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The Foreign Acquisitions and Takeovers Fees Imposition Amendment Bill 2024 (Fees Imposition Bill) and Treasury Laws Amendment (Foreign Investment) Bill 2024 (Foreign Investment Bill) have recently been introduced by the Federal Government to again change the foreign investment legislation.

These Bills will have a substantial impact on foreign buyers acquiring Australian residential land, regardless whether you are a natural person or a property developer.

We explain the changes in further detail below and comment on how they will impact you as a developer.

What are they and their status?

On 7 February 2024, the Fees Imposition Bill was introduced. It seeks to amend the Foreign Acquisitions and Takeovers Fees Imposition Act 2015 (Cth) and the Foreign Acquisitions and Takeovers Fees Imposition Regulations 2020 (Cth). It is proposed to commence on the later of 1 April 2024 and the day it receives the Royal Assent.

The Foreign Investment Bill was introduced with the Fees Imposition Bill. It seeks to amend the International Tax Agreements Act 1953 (Cth). It is proposed to commence on the day it receives the Royal Assent.

Both the Fees Imposition Bill and the Foreign Investment Bill have passed the House of Representatives on 14 February 2024 and are, as at the date of this article, before the Senate.

Purpose, as announced by the Federal Government

The Fees Imposition Bill is expressed to be introduced to “adjust the foreign investment framework to help boost Australia’s housing stock and provide more homes for Australians”. This change is an attempt to “channel foreign investment into new residential dwellings (such as off the plan apartments) as opposed to established dwellings”. The following suggests otherwise.

The Foreign Investment Bill is introduced to “clarify the relationship between foreign investment fees and other similar state and territory taxes with Australia’s double tax agreements with other countries”. It is a response to the uncertainty which arose on introduction of the NSW surcharge purchaser duty and surcharge land tax as they were seen to be inconsistent with a number of international tax treaties entered into by the Australian Government with other countries.

That is, the Bill provides that where there is an inconsistency between a tax treaty and a Commonwealth, state or territory law (tax), that provision of the tax treaty will not operate to the extent of the inconsistency, with the aim that the Commonwealth, state or territory law (tax) will apply, for example, foreign investment fees, surcharge purchaser duty and surcharge land tax.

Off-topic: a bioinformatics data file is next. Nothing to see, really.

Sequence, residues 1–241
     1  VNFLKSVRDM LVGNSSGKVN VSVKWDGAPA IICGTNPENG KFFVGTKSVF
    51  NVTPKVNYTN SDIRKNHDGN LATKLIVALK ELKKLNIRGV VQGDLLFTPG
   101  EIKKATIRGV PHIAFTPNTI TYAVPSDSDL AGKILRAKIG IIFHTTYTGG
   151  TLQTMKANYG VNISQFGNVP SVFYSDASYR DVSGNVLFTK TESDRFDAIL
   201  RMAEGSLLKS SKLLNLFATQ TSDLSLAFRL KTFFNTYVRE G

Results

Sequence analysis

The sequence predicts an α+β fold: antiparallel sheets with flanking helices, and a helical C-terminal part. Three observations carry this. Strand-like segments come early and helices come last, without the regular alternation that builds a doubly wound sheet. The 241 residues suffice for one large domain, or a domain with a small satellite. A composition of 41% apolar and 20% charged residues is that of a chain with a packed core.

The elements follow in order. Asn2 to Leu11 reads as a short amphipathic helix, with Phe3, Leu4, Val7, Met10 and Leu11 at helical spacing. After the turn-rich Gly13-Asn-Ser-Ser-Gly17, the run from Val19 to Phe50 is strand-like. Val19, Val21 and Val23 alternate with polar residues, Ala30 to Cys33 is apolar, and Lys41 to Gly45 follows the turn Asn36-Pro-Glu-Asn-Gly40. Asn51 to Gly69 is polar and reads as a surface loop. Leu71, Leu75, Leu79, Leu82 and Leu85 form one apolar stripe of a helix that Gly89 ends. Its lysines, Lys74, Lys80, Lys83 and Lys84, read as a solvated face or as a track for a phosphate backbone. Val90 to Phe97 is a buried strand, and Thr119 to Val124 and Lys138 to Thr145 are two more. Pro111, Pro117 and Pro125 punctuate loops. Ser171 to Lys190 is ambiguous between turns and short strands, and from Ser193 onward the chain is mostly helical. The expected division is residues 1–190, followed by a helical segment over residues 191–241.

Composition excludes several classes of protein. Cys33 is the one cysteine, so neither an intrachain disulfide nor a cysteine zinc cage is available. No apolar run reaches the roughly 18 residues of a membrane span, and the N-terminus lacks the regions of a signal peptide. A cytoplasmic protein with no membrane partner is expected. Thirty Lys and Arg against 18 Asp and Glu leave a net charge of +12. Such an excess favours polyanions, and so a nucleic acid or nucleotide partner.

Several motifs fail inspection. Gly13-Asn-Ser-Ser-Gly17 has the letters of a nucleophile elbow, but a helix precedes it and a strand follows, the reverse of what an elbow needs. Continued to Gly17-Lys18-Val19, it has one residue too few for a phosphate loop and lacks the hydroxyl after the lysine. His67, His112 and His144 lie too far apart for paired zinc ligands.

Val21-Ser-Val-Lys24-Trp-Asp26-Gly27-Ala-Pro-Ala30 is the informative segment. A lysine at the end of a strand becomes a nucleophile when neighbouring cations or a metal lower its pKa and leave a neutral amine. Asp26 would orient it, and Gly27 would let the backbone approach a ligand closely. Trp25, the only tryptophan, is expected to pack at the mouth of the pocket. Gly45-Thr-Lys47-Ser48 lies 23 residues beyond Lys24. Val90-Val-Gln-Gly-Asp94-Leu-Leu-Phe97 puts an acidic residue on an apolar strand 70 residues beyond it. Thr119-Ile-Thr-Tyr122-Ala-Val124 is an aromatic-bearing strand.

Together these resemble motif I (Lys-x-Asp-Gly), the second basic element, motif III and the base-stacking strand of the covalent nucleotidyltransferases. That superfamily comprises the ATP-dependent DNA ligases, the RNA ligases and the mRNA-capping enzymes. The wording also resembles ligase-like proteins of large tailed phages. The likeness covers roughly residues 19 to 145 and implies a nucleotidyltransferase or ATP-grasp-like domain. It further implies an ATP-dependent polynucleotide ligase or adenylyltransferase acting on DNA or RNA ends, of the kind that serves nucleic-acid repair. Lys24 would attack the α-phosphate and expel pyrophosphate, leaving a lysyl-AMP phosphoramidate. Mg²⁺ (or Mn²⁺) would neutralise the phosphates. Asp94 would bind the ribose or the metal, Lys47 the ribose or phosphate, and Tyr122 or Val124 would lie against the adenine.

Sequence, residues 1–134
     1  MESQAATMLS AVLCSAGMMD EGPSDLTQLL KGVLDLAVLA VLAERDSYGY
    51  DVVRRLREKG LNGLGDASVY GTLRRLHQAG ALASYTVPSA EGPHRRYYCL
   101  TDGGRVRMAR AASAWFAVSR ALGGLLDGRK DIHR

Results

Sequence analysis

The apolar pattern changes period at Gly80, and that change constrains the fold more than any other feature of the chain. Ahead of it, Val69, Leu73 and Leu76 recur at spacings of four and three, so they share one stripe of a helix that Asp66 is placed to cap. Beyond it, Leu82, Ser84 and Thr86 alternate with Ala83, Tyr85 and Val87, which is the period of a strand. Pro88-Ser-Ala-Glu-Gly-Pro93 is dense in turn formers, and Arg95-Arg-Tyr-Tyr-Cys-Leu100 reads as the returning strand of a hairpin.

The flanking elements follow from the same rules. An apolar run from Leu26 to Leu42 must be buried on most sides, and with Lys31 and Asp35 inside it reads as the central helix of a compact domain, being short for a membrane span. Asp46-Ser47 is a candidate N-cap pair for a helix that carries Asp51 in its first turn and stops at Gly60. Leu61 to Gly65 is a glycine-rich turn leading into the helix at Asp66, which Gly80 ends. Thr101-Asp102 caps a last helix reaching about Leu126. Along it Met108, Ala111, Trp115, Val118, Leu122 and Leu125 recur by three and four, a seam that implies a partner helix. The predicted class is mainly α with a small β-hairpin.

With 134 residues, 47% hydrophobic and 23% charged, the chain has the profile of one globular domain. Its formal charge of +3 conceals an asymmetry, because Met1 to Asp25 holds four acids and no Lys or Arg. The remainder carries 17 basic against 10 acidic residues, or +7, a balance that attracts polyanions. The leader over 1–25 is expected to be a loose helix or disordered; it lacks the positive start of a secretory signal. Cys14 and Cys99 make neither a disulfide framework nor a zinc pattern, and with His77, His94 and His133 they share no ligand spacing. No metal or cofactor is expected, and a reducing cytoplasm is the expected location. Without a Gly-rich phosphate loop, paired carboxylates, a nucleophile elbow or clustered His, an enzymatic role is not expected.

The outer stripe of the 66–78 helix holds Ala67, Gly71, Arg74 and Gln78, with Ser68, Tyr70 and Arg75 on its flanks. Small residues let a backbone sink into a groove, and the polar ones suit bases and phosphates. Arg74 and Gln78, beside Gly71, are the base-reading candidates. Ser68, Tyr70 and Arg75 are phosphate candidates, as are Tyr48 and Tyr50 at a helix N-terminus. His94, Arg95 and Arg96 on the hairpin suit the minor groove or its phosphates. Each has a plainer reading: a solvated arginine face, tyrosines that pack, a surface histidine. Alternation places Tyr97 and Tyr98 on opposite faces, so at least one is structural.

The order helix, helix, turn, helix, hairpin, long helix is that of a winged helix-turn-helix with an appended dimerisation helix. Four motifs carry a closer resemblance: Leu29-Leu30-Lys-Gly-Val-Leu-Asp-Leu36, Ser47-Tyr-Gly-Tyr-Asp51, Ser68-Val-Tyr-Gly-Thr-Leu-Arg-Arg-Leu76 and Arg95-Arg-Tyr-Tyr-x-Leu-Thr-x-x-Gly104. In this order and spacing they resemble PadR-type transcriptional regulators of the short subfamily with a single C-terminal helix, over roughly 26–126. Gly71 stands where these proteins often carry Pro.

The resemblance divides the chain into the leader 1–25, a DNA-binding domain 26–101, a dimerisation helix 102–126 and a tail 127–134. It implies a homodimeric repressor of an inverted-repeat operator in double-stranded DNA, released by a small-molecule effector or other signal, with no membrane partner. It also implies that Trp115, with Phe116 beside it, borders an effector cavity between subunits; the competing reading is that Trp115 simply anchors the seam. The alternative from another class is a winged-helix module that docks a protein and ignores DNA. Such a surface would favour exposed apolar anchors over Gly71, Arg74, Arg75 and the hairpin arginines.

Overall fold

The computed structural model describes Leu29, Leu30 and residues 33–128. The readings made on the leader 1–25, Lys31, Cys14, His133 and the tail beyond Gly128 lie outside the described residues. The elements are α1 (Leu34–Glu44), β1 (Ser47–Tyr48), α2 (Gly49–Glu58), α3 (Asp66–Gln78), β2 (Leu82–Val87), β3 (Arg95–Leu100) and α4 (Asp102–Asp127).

Key amendments

The proposed key amendments are briefly summarised in the table below.

  Proposed amendments Effect
Fees Imposition Bill

Tripling the fees for giving notice in relation to the acquisition of interest in Australian land on which there is at least one established dwelling

The purchase of an established dwelling has always been subject to FIRB approval. It is generally prohibited unless:

  • it is a proposal to redevelop the land and will genuinely increase Australia’s housing stock;
  • the purchaser is a temporary resident and the property is to be used as their place of residence while living in Australia; or
  • the purchaser is a foreign controlled company and the property is to house their Australian based staff.

The application fee for a notice will generally depend on the value of the consideration. The fee tier constant for an acquisition of residential land is $1 million. Fees start from $14,100 for a single action and can rise to a maximum of $1,119,100 (the maximum cap).

Under the Fees Imposition Bill, the minimum amount payable for an acquisition of residential land with at least one established dwelling will start from $42,300 (3 times the current $14,100) for a single action and can rise to a maximum of $7,000,000 (the new maximum cap – see below).

The proposed changes also apply to foreign developers.

2. Doubling vacancy fees for established and new residential dwellings acquired on or after 7.30 pm on 9 May 2017

An annual vacancy fee is levied on foreign owners of residential property if their property is not residentially occupied or genuinely available on the rental market for at least 183 days (approximately six months) in a 12-month period.

The vacancy fee applies regardless whether an application fee is waived or not, or whether the acquisition was made by way of a no-objection notification or an exemption certificate, as long as the acquisition was made on or after 7:30PM (AEST) on 9 May 2017.